I’m a fan of Ahab and My Dying Bride! For us however, we see doom as a really narrow thing, where it’s like “here are the tools; they’re the only thing you’re allowed to play with – first six Black Sabbath albums, do your worst!” Whereas My Dying Bride have always been on the outside, starting their first album as death metal and then later they released ‘34.788%…Complete‘ which has trip hop!

I do think that that’s really cool, and that the death/doom stuff is good, but to me the romantic side that you’ve mentioned… I dunno. I mean, I do like a lot of those bands, like Ahab and Skepticism, but to me they’re a totally different thing because they don’t come from the Black Sabbath well of inspiration. This isn’t saying anything against them, but to me it’s like saying a banana isn’t an apple. For me, the sort of doom that Witchsorrow plays is along the lines of that played by Electric Wizard and Saint Vitus. Then there’s the sort of stuff that My Dying Bride do, which – though does have doom around – they take somewhere completely different. They like to use it from a well of despair, where they can utilise any sound they want to bring out a “doomy” atmosphere, including electronic notes. Even though I’m not fond of “34.788%...”; it’s still a good thing that they did it, since it shows their imagination. As long as My Dying Bride are writing their music, that’s fine.

It’s just a different thing – comparing Witchsorrow to these bands is like comparing us with Iron Maiden! It’s all good, but it’s a totally different bag. As long as they’re doing what they’ve set out to do, it’s all groovy.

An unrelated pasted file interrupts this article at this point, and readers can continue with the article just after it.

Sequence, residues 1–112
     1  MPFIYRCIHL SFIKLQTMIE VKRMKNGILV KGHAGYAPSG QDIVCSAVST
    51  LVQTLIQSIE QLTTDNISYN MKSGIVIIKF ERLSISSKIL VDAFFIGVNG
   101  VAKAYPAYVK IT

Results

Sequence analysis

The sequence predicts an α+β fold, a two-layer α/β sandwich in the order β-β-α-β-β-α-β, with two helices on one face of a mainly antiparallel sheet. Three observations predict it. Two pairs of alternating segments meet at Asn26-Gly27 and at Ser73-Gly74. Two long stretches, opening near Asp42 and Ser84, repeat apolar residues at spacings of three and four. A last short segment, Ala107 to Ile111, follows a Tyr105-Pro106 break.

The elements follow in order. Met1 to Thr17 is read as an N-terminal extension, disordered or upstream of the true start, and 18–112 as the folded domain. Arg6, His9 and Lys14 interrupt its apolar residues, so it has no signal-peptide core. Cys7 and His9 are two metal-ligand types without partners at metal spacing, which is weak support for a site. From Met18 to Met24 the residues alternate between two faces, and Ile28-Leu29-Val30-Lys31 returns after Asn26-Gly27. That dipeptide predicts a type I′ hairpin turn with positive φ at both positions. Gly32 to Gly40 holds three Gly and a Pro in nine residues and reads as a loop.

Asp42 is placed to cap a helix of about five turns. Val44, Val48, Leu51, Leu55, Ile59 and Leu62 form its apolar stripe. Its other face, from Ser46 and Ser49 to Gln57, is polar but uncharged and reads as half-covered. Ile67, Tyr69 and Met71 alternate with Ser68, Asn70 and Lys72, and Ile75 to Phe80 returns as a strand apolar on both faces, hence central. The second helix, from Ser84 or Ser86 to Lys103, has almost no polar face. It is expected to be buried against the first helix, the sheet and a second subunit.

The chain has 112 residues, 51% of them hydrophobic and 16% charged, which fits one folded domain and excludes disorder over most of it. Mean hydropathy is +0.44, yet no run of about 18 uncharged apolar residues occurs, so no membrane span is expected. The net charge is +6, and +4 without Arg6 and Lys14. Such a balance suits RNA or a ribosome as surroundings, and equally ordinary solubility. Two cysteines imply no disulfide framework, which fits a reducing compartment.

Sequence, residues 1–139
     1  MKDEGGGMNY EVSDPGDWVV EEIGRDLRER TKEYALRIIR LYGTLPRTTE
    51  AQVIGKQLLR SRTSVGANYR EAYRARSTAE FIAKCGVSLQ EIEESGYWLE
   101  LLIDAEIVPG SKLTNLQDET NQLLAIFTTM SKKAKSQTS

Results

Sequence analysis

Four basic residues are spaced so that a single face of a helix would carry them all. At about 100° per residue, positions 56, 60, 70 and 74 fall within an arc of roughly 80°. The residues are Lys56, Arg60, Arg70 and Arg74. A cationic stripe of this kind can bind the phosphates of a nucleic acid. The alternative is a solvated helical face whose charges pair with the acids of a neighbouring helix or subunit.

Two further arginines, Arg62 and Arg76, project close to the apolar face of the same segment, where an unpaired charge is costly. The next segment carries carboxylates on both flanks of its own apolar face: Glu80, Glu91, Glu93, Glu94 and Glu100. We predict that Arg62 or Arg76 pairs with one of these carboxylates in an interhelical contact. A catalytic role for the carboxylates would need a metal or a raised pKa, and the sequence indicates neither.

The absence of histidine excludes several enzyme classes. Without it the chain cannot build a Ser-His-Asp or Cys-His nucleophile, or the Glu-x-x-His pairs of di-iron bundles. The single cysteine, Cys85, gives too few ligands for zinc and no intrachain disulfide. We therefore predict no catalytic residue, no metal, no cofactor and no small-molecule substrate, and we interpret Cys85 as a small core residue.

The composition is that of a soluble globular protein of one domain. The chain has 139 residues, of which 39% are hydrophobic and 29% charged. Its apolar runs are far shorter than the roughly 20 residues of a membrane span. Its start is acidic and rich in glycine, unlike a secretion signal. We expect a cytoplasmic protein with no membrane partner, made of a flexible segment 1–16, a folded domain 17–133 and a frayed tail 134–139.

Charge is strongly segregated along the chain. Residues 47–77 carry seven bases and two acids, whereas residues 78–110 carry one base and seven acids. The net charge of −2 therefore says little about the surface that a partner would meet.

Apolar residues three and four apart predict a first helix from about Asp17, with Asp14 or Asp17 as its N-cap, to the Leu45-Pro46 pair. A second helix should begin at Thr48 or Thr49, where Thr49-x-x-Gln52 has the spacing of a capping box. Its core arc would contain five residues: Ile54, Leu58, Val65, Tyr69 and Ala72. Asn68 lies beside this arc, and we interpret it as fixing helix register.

How does it feel to be one of the doom acts (next to My Dying Bride and Electric Wizard) on stage at Damnation, today?

It feels good at the moment, because at metal festivals there’s always a lot of excitement over doom bands! Electric Wizard here today is like an event! When I went to Hellfest in France a couple of years ago, they headlined the stage with Saint Vitus, not to mention that Pentagram was also playing. It seems that when these guys play, you suddenly get this enormous enthusiasm that you don’t get a lot anymore; it’s like something amazing is happening!

When Electric Wizard played at The Forum venue in London, it felt like a real spectacle because they handled all the lights, horror films and everything else. It was also like this thing were if you weren’t there, you wouldn’t know what you were missing. The excitement was that it would be the kind of experience that would change your life – it was spectacular!

That’s the thing with doom metal; it lurks in the shadows of heavy metal, like the red-headed stepchild of metal music in perhaps the same way that black metal was when it came out twenty years ago. Doom metal mostly lies dormant, and when there is any activity, it’s fucking massive!